Fear of Welsh

A lot of people are afraid of the Welsh language. I think that there are a lot of complex reasons for this rather odd fear.

I have just done a whole week in the Welsh language, doing everything in the language, living in a house with fellow Welsh learners under the guidance of our tutor. I remember feeling somewhat scared about the prospect of only speaking in Welsh for a whole week as we sat around the dining room table preparing not to use English.  I was nervous of losing the comfort blanket of my first language for a whole week.

Yet, it was an enormous amount of fun. Perhaps the most important aspect of the no other languages rule for the week was not being able to ask: “What is the word for X in Welsh/ Beth ydy’r gair am X yn Cymraeg?”, not being able to use a dictionary and having to rely on finding ways to describe things with my limited Welsh vocabulary or simply using gestures. This also meant not being able to use the internet for a whole week.

The result of this single rule was to live in the Welsh language, to think in the Welsh language, to enter an entirely different world really. Instead of simply looking for the equivalent English word or expression, I  lived in Welsh, enabling a close personal relationship with the language. It was a very special and unique experience. Indeed it is one most Welsh speakers never experience, as Welsh speakers always encounter someone who can’t speak Welsh in any given week, or simply use an English word for somethign they don’t know how to express in Welsh.

It was very very mentally tiring not being able to use the vast amount of understanding of the English language I have acquired. English almost became a ‘foreign’ language, which meant that sometimes when walking in the street and overhear someone speaking English, it would sound odd and garbled as I was indeed thinking and being in Welsh.

There were a couple of occasions during the week when I would encounter fear of Welsh from English speakers. The first time was when as a group we were laughing and joking  about a Welsh sign. A man approached and asked ‘Are you lost?’ As we couldn;t speak English someone said ‘Dan ni’n iawn diolch [We’re fine thanks]’ and smiled. A smile is almost universal and I’m sure he understood that we needed no help, however he persisted ‘I don’t speak Welsh’. I made an apologetic face ‘Dan ni’n iawn, diolch, rhaid i ni siarad yn Gymraeg yn unig [We have to only speak in Welsh]’. Suddenly he raised his voice ‘ I said that I don’t speak Welsh, you are being very rude’. At which point our tutor, who was allowed to speak English, intervened to try and explain this unique circumstance and an argument proceeded. The thing is this is a fairly unique aspect of Wales and the Welsh language , in that almost every Welsh speaker can speak English too and many monoglot English speakers are troubled by the Welsh language as this man obviously was, he felt threatened by it, that he has encountered a rare situation where he was unable to communicate. The thing is in most of the rest of the world this doesn’t happen, you cannot assume a knowledge of English you encounter people who don’t speak English and you do communicate with gesture and tone of voice and broad feelings are communicated. Having said that there are Welsh speakers who don’t speak English, in Patagonia in South America, a bilingual Welsh-Spanish speaking community and indeed a few Welsh learners from non-English speaking countries. The man had an negative attitude to the Welsh language and was hostile towards it.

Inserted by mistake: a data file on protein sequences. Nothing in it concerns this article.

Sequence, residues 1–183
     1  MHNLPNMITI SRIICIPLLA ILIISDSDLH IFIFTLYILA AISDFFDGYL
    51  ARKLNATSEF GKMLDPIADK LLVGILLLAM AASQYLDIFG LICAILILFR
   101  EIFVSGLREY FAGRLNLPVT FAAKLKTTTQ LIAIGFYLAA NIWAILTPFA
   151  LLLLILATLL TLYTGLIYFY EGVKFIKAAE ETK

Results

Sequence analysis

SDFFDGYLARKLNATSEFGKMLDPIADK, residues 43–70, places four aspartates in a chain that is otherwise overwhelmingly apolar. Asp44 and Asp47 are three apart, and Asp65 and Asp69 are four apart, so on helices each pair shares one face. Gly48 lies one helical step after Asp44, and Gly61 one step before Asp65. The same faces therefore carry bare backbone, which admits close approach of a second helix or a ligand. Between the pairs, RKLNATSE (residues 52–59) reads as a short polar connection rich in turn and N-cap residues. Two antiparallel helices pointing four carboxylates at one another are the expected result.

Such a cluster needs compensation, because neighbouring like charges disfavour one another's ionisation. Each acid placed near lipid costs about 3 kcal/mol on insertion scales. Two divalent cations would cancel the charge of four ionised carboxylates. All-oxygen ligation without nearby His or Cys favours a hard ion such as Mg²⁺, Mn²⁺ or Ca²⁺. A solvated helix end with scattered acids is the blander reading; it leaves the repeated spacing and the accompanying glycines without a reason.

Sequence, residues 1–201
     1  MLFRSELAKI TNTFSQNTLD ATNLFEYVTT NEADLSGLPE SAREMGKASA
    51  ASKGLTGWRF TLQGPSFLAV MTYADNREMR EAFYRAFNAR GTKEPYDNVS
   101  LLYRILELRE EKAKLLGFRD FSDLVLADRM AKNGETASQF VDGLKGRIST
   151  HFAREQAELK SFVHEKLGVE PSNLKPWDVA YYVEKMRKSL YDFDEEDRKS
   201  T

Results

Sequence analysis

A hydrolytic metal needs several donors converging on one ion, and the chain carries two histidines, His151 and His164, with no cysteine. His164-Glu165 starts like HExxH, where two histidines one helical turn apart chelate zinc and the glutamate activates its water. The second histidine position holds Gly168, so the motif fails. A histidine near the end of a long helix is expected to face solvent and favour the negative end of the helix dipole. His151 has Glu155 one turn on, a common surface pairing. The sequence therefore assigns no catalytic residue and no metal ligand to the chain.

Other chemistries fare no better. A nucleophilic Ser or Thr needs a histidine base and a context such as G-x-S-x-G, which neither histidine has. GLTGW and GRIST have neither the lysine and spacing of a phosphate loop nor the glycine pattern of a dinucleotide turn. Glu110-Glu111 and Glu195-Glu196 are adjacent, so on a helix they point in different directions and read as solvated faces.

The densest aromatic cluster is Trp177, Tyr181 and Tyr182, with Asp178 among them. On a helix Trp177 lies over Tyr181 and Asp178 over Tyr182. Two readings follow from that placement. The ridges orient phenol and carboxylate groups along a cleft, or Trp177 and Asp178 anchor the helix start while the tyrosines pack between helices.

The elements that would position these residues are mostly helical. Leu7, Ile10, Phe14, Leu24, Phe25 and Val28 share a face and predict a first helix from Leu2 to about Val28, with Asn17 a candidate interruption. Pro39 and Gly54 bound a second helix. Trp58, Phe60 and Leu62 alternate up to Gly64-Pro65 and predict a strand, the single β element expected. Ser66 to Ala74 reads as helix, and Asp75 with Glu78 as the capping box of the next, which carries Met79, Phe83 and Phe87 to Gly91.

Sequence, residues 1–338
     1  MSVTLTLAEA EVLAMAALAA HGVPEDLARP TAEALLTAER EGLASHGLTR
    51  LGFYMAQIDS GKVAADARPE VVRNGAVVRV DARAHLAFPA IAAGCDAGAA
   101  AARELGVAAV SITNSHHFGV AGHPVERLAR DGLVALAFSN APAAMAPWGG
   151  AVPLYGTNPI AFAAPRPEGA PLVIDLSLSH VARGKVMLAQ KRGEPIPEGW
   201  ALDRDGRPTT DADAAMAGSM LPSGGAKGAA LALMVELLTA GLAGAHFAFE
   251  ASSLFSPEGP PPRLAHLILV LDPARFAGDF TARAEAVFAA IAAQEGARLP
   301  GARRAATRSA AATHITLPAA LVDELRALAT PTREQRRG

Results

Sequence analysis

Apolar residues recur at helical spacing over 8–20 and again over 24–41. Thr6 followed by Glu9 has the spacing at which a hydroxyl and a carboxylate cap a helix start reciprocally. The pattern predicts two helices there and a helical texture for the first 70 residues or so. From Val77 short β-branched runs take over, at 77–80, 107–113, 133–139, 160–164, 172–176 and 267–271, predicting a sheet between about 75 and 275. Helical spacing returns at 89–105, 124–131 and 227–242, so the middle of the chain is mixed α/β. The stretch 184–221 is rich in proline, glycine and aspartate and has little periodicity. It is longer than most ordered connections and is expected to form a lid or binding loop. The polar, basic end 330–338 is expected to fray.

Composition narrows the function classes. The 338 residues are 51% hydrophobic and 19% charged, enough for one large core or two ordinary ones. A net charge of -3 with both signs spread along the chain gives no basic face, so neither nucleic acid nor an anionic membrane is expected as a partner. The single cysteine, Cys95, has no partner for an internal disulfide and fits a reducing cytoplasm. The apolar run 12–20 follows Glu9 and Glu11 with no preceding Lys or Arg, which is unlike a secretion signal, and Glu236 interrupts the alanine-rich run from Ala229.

I experienced this again after the language immersion experience. For the first day after, i stayed predominantly in Welsh. I visited a local castle and asked for my ticket in Welsh, quite naturally, The lady at the counter responded ‘I don’t speak Welsh’ at which point i reverted to using English and asked politely for a ticket in English, however she shied back from the counter and another lady took over my transaction. Another encounter with fear of the language.

Of course as a learner of Welsh I regularly experience language fear when talking to strangers, particularly first language Welsh speakers, especially when you don’t know their attitude to a Welsh learner. It’s partly a fear of being judged on your ability and risk of appearing to be a simpleton, which in effect you are at the time, and this is coupled with all the incessant language politics we suffer on a daily basis in Wales. My week in Welsh, has helped me grow my confidence in Welsh so much, being in Welsh I don’t have the cloying memories of anxiety I experience in English. It’s like I have a different version of my personality in the Welsh language.

As English speakers, we are just incredibly lucky to be able to travel in so much of the world in our first language, so many British people, never learn another language, never placing themselves in a situation where they have to learn to use another language to communicate. I think that some of these people simply find it threatening when people use non-English languages in Britain, the phrase ‘Why don’t they speak English’ is often heard in the certain circles in English society, lobbied at the Welsh speaking community and other language communities. However, an I have learnt that being able to exist in another language is a truly wonderful experience. As a Welsh speaker, sometimes I want to experience the world in Welsh and sometimes in English. Hiding within only one language and being hostile or fearful of other languages is just a very odd desire, to want everyone else to be as similar to you as possible. As learners we now our fearful feelings are somethign to get over to leave behind, non language learners ar perhaps not ready to take a risk in a new situation and wish to remain fearful?

 

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